“What has sent Texas reeling is not an engineering problem,” said Will Englund, a reporter at The Washington Post. “It is a financial structure for power generation that offers no incentives to power plant operators to prepare for winter. In the name of deregulation and free markets, critics say, Texas has created an electric grid that puts an emphasis on cheap prices over reliable service.”

The storm has killed many, including 11-year-old Cristian Pavon whose family is suing ERCOT for $100 million over gross negligence, causing the boy’s death. While the final number is still being calculated, there have been nearly 80 reported deaths due to the winter storm in Texas and other states hit by the storm. This number includes fatalities from storm-related car crashes, carbon monoxide poisonings, hypothermia, drownings, and house fires, according to The Associated Press. 

The snowstorm also slowed COVID-19 vaccination efforts.

“The deteriorating conditions across the state likely hampered not only vaccine efforts, but also reporting efforts,” said Chris Van Deusen, a Department of State Health Services spokesperson.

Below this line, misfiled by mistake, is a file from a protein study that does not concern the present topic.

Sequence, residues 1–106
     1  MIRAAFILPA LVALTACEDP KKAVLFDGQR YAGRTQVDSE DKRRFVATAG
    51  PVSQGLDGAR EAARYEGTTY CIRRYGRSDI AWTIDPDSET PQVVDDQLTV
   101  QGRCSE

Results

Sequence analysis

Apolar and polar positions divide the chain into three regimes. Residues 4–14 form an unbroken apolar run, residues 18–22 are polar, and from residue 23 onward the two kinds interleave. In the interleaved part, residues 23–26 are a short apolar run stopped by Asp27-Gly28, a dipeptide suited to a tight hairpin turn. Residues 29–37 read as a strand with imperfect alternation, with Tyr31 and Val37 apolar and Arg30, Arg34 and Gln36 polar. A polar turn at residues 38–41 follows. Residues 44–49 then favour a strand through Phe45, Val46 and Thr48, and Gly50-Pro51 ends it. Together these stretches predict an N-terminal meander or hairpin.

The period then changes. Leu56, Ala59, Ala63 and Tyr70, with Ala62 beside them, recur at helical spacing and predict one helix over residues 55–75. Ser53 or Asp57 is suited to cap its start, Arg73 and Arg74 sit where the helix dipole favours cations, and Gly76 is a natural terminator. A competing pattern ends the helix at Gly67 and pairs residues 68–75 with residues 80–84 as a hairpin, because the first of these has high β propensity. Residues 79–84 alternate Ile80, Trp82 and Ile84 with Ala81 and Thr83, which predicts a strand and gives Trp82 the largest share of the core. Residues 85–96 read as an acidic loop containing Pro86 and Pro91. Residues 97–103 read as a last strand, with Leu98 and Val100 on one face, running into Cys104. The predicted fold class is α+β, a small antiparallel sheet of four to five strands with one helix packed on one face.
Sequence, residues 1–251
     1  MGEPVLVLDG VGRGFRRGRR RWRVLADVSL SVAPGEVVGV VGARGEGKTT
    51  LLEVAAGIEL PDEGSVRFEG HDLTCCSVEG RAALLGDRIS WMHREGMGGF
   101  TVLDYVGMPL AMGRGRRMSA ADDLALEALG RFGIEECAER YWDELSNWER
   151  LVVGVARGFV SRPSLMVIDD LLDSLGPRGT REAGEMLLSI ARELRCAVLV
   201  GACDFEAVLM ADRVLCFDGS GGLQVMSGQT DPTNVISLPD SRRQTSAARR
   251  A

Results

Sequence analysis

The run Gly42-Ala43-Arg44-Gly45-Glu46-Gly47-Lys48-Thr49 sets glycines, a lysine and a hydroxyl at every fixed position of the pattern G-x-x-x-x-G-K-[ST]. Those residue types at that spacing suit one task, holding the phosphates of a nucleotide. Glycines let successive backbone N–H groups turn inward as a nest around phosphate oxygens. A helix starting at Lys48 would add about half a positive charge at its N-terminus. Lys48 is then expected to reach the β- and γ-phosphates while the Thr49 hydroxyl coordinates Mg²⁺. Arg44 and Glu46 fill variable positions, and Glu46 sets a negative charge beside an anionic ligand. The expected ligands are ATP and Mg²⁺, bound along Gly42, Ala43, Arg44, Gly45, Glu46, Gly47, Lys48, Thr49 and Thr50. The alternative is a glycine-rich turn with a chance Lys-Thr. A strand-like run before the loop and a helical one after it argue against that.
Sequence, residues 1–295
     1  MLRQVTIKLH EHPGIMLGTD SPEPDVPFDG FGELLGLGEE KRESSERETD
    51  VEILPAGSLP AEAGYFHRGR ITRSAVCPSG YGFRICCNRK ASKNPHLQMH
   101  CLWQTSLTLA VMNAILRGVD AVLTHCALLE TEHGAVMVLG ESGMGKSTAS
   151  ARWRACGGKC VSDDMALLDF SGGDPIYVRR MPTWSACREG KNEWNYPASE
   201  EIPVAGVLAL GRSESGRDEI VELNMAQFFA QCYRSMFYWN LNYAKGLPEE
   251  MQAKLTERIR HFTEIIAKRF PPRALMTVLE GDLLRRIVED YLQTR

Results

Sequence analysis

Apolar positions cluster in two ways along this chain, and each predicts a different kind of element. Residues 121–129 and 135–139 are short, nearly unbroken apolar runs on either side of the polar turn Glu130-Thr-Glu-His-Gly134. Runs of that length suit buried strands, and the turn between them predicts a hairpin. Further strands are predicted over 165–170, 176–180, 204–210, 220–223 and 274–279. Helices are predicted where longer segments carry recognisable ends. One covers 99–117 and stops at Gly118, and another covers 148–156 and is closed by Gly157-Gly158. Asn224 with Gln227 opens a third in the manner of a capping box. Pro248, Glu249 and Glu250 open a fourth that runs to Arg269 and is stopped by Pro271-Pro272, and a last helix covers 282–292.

The sheer amount of snow and freezing temperatures in Texas is so unusual that many have started to question the reality of it: a viral TikTok trend under the hashtag #governmentsnow is spreading false information that the snow from the winter storm is fake and was sent from the government. The TikTok users hold lighters and hair dryers up to the snow to attempt to prove its fraud. This theory has quickly been debunked, as a CBS affiliate in Richmond, Virginia, explained sublimation in a YouTube video that has more than 100,000 views.

Texas Gov. Greg Abbott expressed disappointment in ERCOT and declared its reform an emergency item for the 2021 legislative session. He also expressed a desire for the resignation of leadership at ERCOT.

“The Electric Reliability Council of Texas has been anything but reliable over the past 48 hours,” Gov. Greg Abbott said in a statement.“ERCOT stands for Electric Reliability Council of Texas, and they showed that they were not reliable.” 

Texas Sen. Ted Cruz also came under fire on social media over photos of him leaving for a family vacation to Cacún, Mexico during the snowstorm. 

“With school canceled for the week, our girls asked to take a trip with friends. Wanting to be a good dad, I flew down with them last night and am flying back this afternoon,” Cruz said in a statement. “We want our power back, our water on and homes warm. My team and I will continue using all our resources to keep Texans informed and safe.”